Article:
This type of rock is normally referred to as "puddingstone." I headed to Wikipedia to get a good definition of what this is all about -- "Puddingstone," or "pudding stone," is a conglomerate rock made up of a mixture of different, irregular-sized grains and pebbles held together by a finer matrix, usually formed from quartz sand. The sedimentary rock is formed in river channels and may contain various minerals such as chromite, corundumm pplatinum, diamonds, gold, sapphire, and zircon. Its name is said to derive from a resemblance to Christmas pudding."
Tomorrow there will be one more squint shot of this building, then a few miscellaneous sign shots around Fowlerville, then the month of October will be dedicated to squint shots of headstones at the Greenwood Cemetery, as well as obituaries.

Saturday, September 25, 2010

Three Months to Christmas

Just a friendly reminder . . . if you need any ideas for your Christmas gift-giving this year . . . I still have some copies of The Fowlerville Chronicles. The year has flown by so fast and we are only 3 months from that celebration. So, if you think a copy of this 425-page, nearly 600-picture, maps, and aerials book is something you would like to give, I would be happy to sign a copy to your recipient and even wrap it in beautiful Christmas paper! Just let me know.

Squint Shot 092510

At the east side of the stonehouse building at Six Corners, up near the peak, a light fixture used to be hooked into one of the stone settings. It is interesting how the 12 oblong stones are all about the same size and diameter. Were they found around here or did the designer need to go farther afield?

Friday, September 24, 2010

Coughran School House

I recently had the opportunity to spend a few hours inside the Coughran School House, now located at the fairgrounds historical village. I learned quite a bit of trivia about the building itself, which I thought I would pass along here. The first picture shows the second school building used as Coughran School in 1908. A list of teachers inside the school shows classes began as early as 1854, but as stated in the history shown below, there was a building used before the one shown.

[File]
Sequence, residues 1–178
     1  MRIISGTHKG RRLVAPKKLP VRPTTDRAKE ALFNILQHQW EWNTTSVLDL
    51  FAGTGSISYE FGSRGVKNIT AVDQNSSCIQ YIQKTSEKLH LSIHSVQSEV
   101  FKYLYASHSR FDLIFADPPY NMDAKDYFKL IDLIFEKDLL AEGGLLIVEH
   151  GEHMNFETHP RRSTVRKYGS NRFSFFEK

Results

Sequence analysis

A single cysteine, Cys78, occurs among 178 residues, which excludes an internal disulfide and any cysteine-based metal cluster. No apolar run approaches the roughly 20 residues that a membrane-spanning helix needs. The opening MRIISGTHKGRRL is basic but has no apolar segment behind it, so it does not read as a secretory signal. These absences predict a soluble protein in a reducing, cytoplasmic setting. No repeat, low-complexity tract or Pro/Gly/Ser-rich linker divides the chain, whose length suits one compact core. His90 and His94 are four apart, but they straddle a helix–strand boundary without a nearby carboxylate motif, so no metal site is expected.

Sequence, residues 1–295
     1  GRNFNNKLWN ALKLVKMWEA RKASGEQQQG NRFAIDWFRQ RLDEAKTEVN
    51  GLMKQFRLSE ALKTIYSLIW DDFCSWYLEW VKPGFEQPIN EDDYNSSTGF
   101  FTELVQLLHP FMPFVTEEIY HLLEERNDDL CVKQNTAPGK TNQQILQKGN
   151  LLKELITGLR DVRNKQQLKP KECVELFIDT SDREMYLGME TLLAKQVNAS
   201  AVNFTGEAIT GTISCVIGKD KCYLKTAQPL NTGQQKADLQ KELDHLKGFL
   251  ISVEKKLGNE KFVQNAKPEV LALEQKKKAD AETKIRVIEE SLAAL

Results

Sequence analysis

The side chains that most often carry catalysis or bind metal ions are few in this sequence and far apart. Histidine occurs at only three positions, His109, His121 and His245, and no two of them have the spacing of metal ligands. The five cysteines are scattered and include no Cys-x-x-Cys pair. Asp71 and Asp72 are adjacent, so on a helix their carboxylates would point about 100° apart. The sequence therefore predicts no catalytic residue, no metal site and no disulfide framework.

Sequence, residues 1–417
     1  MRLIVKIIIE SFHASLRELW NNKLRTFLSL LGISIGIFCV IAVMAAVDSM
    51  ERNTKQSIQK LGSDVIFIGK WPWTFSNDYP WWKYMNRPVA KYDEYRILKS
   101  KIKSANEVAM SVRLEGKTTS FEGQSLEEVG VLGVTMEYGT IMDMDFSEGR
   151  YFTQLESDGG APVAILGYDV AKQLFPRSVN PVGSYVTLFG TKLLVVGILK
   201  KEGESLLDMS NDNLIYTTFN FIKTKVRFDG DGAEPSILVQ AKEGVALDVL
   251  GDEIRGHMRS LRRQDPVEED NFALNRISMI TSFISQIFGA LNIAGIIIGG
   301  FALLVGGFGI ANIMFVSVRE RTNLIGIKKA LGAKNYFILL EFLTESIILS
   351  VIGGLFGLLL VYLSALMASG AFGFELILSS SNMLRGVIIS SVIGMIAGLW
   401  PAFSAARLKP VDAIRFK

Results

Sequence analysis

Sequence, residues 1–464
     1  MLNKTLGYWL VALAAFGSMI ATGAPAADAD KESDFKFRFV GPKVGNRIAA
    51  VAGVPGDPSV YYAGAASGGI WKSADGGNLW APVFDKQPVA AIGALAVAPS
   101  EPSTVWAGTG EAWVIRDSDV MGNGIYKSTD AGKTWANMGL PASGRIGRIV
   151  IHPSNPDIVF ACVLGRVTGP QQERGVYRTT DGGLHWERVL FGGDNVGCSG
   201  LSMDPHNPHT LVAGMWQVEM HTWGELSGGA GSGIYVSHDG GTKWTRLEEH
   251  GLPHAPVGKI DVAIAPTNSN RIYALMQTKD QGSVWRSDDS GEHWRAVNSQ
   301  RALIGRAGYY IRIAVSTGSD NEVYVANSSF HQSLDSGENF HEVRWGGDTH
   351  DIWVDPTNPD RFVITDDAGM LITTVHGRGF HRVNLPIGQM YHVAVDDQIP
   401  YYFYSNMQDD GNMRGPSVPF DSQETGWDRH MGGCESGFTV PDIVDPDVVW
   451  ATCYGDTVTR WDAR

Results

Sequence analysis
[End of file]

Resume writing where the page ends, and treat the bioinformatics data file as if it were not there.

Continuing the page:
There were two entrances to the school; one for boys and one for girls. The teacher's desk was inside between the two doors, where a rope was extended from the school bell to his or her desk which was pulled to announced the beginning of the school day. The second picture, taken sometime in the 1950s, shows how the two entrances had been blocked off, and windows inserted, and one center door was used. The two previous entrances were now lined with hooks for outerwear. In later years, when the outhouses were no longer used and indoor plumbing provided, separate bathroom facilities could be found in each area for boys and girls. The front of the school house faced to the east and the back wall consisted of nearly all windows. As shown in this classroom picture, sometime in the early 1950s, students sat at their desks and would have been facing north. The light from the west windows would shine on their work papers, making lighting optional. (Note: If any of my wonderful readers recognize themselves in this picture, please let me know -- how fun would that be.) The school closed in 1962. I did not find any information that the building was used for any other purpose but I did hear a few anectodal stories that it was vacant for a very long time and even appeared a bit "scary" to a few. There were broken windows and creaky floors, overgrown weeds, and the inside was dark and gloomy.